The next Geocache was in Menard County, the ghost town of Hext (GC5AD72).  It was known as Maringo (Marengo) when the area was settled in the 1870s, but residents changed the name to Hext in the late 1890s in honor of Joseph Robert Hext. A local post office was established in 1897 with Ennis Stark as postmaster. In 1914 the community had a cotton gin, a hotel, two general stores, and 125 residents. A Church of Christ had been organized in 1904, and a Baptist church was established in 1916. By the mid-1920s, population estimates for the community had fallen to forty; they rose to sixty in the late 1940s and remained at that level through the mid-1980s. The community reported sixty-four residents in 1988. In 2000 the population was seventy- three. Today the postmaster stated that the post office serves 49 residents through its boxes and route deliveries. It is one of the smallest in Texas. At one time Hext had a school.

Also in Menard County is the Presidio de San Saba (GC6P54K). Once known as Presidio San Luis de las Amarillas, a fortress constructed in 1757 by a Spanish force led by Captain Don Diego Ortiz Parilla. The presidio, which was subsidized by the Spanish crown, had a threefold purpose: to protect the nearby Mission Santa Cruz de San Sabá, to assess the validity of rumors of rich silver deposits in the area, and to guard the Spanish frontier against the threat of Indian encroachment. Both in physical size and number of troops, the Presidio was the largest and most important military installation in Texas for its time.  The fort's companion site of the Mission Santa Cruz de San Sabá was built a few miles downstream.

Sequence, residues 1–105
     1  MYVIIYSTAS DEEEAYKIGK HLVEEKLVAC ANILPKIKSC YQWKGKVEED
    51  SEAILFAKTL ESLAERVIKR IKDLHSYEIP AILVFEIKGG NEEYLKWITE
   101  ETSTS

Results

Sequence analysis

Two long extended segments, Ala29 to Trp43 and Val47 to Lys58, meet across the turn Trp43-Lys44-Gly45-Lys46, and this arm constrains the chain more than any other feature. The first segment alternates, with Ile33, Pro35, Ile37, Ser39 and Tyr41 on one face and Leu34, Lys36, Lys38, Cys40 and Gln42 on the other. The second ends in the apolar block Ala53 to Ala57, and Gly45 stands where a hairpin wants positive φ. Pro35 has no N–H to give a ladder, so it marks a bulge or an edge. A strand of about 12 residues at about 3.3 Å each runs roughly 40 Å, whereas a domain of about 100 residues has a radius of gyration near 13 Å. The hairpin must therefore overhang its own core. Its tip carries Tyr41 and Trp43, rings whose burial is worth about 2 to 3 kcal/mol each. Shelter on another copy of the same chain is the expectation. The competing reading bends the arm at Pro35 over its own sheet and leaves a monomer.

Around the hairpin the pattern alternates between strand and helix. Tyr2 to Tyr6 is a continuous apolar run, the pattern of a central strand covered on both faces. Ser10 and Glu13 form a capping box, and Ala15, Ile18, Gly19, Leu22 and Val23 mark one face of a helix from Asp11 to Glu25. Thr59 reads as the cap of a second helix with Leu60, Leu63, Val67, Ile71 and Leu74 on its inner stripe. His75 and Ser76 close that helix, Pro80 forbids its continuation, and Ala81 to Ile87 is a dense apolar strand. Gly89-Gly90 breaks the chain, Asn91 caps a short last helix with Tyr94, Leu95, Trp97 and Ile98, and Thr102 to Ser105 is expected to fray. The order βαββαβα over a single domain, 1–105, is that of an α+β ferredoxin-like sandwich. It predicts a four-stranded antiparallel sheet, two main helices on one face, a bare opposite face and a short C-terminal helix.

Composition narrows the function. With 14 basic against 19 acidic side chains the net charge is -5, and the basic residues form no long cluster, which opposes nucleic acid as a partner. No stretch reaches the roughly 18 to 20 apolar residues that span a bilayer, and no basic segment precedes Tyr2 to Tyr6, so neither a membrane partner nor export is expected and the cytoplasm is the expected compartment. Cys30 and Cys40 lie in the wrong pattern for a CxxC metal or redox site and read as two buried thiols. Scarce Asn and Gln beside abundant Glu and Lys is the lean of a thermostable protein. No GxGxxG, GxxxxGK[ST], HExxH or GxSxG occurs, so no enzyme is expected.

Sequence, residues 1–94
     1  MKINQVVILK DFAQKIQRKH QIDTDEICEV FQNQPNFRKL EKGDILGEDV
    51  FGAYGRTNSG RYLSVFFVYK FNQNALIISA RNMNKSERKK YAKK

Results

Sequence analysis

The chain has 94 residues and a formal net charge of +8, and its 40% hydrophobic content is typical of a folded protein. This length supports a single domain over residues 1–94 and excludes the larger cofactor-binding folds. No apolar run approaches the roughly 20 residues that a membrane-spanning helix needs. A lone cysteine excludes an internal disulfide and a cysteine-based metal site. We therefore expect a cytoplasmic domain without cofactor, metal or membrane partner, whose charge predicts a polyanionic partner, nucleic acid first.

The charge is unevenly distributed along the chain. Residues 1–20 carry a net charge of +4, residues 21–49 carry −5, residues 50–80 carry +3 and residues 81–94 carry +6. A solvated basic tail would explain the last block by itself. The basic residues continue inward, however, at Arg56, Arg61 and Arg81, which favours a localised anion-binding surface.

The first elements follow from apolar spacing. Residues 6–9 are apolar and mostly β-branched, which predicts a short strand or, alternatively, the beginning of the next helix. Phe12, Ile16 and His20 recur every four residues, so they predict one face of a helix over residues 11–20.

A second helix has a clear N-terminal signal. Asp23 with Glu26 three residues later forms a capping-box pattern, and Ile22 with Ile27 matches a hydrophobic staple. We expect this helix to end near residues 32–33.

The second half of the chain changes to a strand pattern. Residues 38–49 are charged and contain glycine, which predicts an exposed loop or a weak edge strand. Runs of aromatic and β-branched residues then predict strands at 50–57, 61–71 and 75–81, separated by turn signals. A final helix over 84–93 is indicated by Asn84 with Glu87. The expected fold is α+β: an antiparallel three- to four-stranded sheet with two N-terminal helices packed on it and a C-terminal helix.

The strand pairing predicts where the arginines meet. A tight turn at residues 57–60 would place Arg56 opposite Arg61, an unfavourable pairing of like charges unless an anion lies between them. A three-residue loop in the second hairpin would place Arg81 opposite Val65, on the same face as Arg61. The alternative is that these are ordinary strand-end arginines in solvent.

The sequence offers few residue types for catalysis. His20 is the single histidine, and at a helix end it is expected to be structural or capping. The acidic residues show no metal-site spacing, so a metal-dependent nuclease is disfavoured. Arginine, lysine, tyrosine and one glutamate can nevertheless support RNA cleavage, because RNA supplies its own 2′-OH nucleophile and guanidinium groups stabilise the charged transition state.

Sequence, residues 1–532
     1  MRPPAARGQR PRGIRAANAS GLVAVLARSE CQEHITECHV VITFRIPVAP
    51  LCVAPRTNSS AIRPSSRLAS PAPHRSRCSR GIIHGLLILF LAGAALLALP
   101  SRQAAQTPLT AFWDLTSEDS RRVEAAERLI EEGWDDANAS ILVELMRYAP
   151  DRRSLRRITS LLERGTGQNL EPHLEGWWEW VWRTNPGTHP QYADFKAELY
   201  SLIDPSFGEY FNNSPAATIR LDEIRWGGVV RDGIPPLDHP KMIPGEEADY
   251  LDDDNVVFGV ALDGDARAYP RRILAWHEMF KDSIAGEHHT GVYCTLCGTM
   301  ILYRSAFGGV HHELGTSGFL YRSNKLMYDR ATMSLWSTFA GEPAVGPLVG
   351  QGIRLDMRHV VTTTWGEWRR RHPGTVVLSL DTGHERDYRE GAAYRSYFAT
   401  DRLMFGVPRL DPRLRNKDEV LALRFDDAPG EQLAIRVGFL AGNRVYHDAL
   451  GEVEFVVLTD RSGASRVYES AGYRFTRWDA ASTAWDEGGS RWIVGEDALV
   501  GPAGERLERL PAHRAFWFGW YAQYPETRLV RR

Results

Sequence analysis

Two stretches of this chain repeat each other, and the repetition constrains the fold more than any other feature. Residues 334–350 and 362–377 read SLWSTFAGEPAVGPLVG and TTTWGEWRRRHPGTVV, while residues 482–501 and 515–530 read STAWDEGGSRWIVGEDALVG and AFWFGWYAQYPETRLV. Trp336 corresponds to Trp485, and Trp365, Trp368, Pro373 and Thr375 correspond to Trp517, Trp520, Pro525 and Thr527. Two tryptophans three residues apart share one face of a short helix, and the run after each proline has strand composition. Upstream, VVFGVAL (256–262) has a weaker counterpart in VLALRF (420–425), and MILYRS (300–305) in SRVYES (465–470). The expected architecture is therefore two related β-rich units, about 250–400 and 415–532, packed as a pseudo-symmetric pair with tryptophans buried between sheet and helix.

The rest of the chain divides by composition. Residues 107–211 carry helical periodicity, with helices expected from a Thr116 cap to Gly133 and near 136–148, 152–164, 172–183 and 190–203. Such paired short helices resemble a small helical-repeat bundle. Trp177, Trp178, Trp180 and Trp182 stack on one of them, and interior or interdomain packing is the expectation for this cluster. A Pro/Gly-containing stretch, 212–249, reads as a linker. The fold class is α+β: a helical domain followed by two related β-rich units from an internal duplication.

The presidio and its accompanying mission were the first place that Europeans in Texas came into conflict with the Comanche Indians and found that Plains Indians, mounted on Spanish horses and armed with French guns, constituted a fighting force superior to that of the Spanish colonials. The course of history was changed at the Mission and Presidio; eventually, the Spanish withdrew from the frontier creating other lines of defense along the Rio Grande. The Presidio only lasted another decade and a half, abandoned by decree of the Viceroy of New Spain in 1772. Over one hundred and fifty years later, the 1936 Texas Centennial Commission contracted the reconstruction of the Presidio in an effort to recapture the region’s past, and the northwest portion of the Presidio rose once again. Today, Menard is helping to preserve and interpret the archeological remains that surround this community. Travelers may observe the ruins of the Presidio reconstruction where archeologists have spent several years uncovering artifacts pertaining to the site and the Spanish Colonial period in Texas.

Our final stops for the day were in Schleicher County in the town of Eldorado, Texas. One cache was at the Eldorado Cemetery (GC27D82) and by the Courthouse and Old Jail in the town square (GC163MG). County Courthouse marker: Constructed in 1923-24, this courthouse replaced an earlier building on this site which burned in 1917. Designed by noted architect Henry T. Phelps of San Antonio, the 3-story Classical Revival structure features four half-round giant order Doric columns which support a large entablature. Native stone for the building was obtained from nearby quarries. The 1905 Schleicher County Jail was built with limestone by T.S Hodges. Built with a gallows, that was never used, the jail was vacated in the early 1960's.

It was a beautiful day. We got to see some interesting places and learn more about Texas history. Thanks for reading about our adventures.


  1. The first few paragraphs were sure chilling, and then it was interesting to hear history from your next of the game board! We will be sharing your blog post on our Facebook page (The Geocaching Guild) on Thursday (7/18/19)!

    1. Thank you! Glad you enjoyed the stories!